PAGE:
"To increase their return on investment in 5G networks, the mobile carriers cannot stick to just offering fast data services to their customers. They need to map out a new model to create additional profits," the report said.

With expectations that 5G networks can become new growth engines, mobile carriers have invested heavily in building infrastructure over the past years, but attracting customers only through super-fast connectivity doesn't give them a high return on their investments.

The report called the mobile carriers to be more innovative in developing new business strategies and suggested they adopt a "business-to-business-to-x" (B2B2X) model.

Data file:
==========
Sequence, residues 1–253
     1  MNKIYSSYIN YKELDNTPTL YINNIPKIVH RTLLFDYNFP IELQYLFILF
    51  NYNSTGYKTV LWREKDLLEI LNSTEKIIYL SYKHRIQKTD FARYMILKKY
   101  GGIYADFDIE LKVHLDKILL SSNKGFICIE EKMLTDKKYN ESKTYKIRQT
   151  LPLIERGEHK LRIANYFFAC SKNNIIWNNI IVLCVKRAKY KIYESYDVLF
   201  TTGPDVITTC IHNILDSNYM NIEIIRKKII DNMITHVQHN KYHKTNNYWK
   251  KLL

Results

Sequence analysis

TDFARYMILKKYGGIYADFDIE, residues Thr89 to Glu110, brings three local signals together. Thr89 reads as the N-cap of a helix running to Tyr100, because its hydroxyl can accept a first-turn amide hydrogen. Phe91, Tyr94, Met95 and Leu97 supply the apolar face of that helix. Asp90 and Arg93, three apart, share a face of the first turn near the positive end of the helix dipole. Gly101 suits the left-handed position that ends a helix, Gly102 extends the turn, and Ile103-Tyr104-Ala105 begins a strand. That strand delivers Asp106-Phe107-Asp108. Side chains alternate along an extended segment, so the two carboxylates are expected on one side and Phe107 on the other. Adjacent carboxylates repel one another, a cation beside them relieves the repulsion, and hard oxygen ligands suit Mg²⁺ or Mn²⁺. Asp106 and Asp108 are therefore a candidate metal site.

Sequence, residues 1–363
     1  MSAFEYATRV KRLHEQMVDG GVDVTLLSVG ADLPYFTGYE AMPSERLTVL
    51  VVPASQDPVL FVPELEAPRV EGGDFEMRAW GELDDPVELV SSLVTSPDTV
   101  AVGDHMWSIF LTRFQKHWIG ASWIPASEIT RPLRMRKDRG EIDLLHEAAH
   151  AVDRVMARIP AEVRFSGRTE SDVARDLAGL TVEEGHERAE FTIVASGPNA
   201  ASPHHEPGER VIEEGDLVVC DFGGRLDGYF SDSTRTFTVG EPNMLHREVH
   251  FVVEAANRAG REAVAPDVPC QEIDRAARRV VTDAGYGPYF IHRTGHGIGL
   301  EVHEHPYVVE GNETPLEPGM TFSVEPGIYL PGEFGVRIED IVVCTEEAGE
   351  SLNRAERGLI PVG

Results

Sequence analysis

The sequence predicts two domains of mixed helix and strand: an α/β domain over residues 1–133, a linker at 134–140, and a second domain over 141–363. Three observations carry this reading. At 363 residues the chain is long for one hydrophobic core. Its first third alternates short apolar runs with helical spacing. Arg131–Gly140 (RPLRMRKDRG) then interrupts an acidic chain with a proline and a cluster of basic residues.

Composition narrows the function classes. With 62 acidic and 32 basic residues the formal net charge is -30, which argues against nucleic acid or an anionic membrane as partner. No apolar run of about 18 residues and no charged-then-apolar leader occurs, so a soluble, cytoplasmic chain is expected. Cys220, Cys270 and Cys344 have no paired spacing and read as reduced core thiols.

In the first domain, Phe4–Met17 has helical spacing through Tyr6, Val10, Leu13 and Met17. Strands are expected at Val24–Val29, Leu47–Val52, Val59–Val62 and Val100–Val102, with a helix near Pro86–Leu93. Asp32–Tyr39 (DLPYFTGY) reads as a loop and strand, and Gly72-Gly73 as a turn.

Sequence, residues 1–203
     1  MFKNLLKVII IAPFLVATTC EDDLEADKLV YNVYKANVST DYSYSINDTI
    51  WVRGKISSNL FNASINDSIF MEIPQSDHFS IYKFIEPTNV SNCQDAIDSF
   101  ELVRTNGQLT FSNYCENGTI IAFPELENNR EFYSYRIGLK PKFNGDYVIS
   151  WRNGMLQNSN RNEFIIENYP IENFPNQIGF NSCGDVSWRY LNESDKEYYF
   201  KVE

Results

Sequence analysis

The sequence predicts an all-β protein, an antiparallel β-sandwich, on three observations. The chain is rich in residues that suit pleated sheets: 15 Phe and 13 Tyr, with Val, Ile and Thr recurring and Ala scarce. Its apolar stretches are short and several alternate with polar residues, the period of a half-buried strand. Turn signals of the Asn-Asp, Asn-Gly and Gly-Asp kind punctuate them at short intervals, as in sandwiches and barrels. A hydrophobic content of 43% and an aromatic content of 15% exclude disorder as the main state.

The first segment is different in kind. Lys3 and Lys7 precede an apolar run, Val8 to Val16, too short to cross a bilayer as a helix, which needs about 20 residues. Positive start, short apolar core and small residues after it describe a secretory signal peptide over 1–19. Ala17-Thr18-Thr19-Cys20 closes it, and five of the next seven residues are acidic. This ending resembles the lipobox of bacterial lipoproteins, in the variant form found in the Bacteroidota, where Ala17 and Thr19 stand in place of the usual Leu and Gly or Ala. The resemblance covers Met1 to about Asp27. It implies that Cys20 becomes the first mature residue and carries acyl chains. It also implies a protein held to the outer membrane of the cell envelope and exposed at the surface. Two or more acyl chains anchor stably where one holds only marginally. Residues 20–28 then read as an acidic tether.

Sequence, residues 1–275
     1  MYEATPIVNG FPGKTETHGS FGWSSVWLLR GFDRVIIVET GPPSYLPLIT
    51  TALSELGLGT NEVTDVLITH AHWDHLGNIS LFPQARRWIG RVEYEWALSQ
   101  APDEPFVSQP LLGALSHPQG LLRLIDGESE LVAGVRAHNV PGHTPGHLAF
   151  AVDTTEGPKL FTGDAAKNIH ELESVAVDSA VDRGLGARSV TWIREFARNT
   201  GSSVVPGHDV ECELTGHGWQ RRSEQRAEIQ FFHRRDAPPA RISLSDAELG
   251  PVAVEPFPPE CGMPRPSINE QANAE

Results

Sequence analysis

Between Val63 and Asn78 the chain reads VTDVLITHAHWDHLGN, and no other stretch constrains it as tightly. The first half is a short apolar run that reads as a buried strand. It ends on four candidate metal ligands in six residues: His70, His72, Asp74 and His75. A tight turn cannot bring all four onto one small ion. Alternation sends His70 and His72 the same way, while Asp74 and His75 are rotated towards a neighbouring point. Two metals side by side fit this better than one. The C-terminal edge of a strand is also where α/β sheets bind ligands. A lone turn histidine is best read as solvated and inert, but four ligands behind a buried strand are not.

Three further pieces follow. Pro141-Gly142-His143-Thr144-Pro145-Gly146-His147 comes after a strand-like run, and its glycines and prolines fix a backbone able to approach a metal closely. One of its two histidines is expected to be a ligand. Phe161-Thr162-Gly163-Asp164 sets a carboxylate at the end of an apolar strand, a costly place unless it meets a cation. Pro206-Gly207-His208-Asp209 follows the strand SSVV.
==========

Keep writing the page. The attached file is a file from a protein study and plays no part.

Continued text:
In the traditional business model, mobile carriers are intended to provide services directly to either individual customers or company customers, but the B2B2X refers to a business model in which the service providers collaborate with diverse partners to offer value-added services to a wide range of consumers including individuals, retailers, partners, suppliers or whoever might make up the "x."

As an example, the report stated that many mobile service operators are working closely with video streaming service providers and trying to enhance the model such as enabling subscribers to pick and choose from a menu of video streaming services and receive a discount depending on their selection.